A tip of the fedora goes to Toronto Star columnist Heather Mallick, for her brilliant coining of the word “fucco”. It names the fake stucco used to tart up slapped-together condos, renos and McMansions.
You may look, but you are too late to try. The Best Apple Pie on Earth was discovered in Windsor ON, rushed to Toronto and judged by me. The award goes to Angela Stipic, along with my gratitude. Thanks too, to Danica, for the speedy delivery. Freshness is all-important in these matters.
Signed in pencil 164/180 RAVEN CREATING THE GREAT FLOOD Floyd Joseph “94” Tyee. Serigraph on paper
Among the works of her own that Helen Andersen had stored were a few examples of works by other artists she admired. This beautifully crafted and realized Raven design by Floyd Joseph is one of them. See the frog and lobster shapes and the water motif, coming into being? Joseph’s work belongs to the great tradition of West Coast aboriginal art but he extends it, creating original icons, images and colour schemes.
I was visiting Saanichton when Floyd came over to Helen’s studio to choose some pastels he would exchange for serigraphs. I didn’t know Helen had this one, but we have long possessed another Floyd Joseph that we hang over our stairs. That design, too, was conceived to fit on the surface of a drum head.
Floyd was particularly interested in scenes Helen had rendered of North Vancouver shores, because he had grown up on the reserve there and remembered the way things were, as Helen had rendered them in the late 50s.
Is it a selfie if you ask someone else to take a shot with your camera? I guess. Or maybe it’s an elfie, if you’re with the Jolly Old Elf himself.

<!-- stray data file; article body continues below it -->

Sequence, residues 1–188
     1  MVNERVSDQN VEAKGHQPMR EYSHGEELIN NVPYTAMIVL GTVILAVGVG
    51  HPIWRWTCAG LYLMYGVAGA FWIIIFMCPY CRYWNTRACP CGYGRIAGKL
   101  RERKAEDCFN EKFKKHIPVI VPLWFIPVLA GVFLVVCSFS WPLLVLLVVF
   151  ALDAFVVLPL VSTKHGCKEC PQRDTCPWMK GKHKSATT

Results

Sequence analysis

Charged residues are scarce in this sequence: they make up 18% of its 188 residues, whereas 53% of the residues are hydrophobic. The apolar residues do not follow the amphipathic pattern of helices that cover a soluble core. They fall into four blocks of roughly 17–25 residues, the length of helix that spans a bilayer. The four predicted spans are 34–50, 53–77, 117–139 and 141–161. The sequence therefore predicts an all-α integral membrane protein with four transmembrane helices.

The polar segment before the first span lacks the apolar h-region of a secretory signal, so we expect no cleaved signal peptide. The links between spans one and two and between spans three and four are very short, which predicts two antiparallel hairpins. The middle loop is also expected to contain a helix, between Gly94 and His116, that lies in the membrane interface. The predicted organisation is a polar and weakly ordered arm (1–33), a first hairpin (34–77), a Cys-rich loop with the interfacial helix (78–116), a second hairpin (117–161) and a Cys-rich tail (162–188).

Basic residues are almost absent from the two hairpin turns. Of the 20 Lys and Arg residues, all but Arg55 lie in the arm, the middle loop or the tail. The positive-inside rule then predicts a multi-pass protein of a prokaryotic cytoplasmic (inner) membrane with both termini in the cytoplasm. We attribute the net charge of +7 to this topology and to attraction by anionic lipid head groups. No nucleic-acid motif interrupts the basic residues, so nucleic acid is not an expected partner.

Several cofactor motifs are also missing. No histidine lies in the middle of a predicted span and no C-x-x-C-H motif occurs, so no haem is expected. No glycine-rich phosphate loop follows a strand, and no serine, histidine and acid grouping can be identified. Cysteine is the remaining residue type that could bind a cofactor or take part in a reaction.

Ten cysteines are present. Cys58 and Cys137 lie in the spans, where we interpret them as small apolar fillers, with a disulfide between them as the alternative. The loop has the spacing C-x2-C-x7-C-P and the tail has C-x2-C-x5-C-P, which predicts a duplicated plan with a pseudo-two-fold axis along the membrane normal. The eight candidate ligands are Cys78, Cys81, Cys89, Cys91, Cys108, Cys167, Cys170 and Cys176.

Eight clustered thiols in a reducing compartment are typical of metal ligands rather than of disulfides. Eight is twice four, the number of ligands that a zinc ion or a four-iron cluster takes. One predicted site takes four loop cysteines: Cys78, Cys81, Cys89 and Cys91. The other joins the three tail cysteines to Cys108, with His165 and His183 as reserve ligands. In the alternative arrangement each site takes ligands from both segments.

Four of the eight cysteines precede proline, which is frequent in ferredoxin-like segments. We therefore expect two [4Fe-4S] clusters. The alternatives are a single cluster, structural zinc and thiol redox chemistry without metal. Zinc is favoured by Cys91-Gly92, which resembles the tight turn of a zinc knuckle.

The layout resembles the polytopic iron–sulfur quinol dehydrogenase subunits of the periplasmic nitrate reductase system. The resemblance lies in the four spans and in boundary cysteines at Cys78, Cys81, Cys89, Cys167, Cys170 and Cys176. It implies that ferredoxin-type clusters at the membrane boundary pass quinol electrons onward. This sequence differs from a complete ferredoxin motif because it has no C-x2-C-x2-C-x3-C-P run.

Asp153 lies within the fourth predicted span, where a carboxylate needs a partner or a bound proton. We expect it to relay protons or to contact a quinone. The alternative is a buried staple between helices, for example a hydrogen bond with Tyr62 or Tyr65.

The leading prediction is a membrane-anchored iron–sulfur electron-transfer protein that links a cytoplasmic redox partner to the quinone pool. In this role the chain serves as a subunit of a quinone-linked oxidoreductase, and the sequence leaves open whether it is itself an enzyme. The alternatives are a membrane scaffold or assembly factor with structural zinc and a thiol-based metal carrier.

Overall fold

Anyway, I am completely upstaged by the performer below (bottom right). She entertained the crowd with flair and confidence using all the moves to really sell her song. The audience gave her a big round of applause.
There was a chance to meet the artists today, at the recently mounted Christmas Group Show . I have seen and enjoyed David Irvine’s clever, amusing work before at the gallery-café, but today I saw pieces that opened my eyes to his considerable skill with a brush, too. That’s Mr Irvine showing me one of his pieces, Bed and Breakfast, featuring a familiar looking Nosferatu vampire. We laughed and agreed that Art is very serious.
Flying Pony proprietor Andrew Horne is a very capable artist himself and has pieces of his own in the show (Not to mention the Hand of Creation sign he also painted. I added the zot.) Andrew does a lot with font imagery in this exhibit. He’s very good at it and has training in the old time sign painting craft, which he bends to artistic use. His iconic neon Flying Pony is representative of another facet of his work which often derives from ephemeral photos re-rendered, large-scale and hand-drawn, in blazing, saturated colours.
I was lucky to meet another artist in the crowd, also showing two pieces this month. That’s Linda Deluca, inset. I got to tell her how much I liked her Red Cactus collage, for its visual texture, colour, pattern and composition.
If you’ve ever been intimidated by the chilly, snooty atmosphere in some commercial galleries, this place is a great antidote. You can enjoy good work and good coffee (and a fresh-baked cookie or scone) in a relaxed, easy-going environment. The art is VERY affordable, too. You can take home a small original for under $30! Even great big works cost only a few hundred.
I didn’t get to speak to Rob Elliott, the man who does the large, bright monkeys. He was there, but in conversation. Next time. Other artists in the show are Al Runt (of Lee’s Palace fame), Jungle Ling and Mayra Majano. Do drop in and have a cuppa while you’re looking.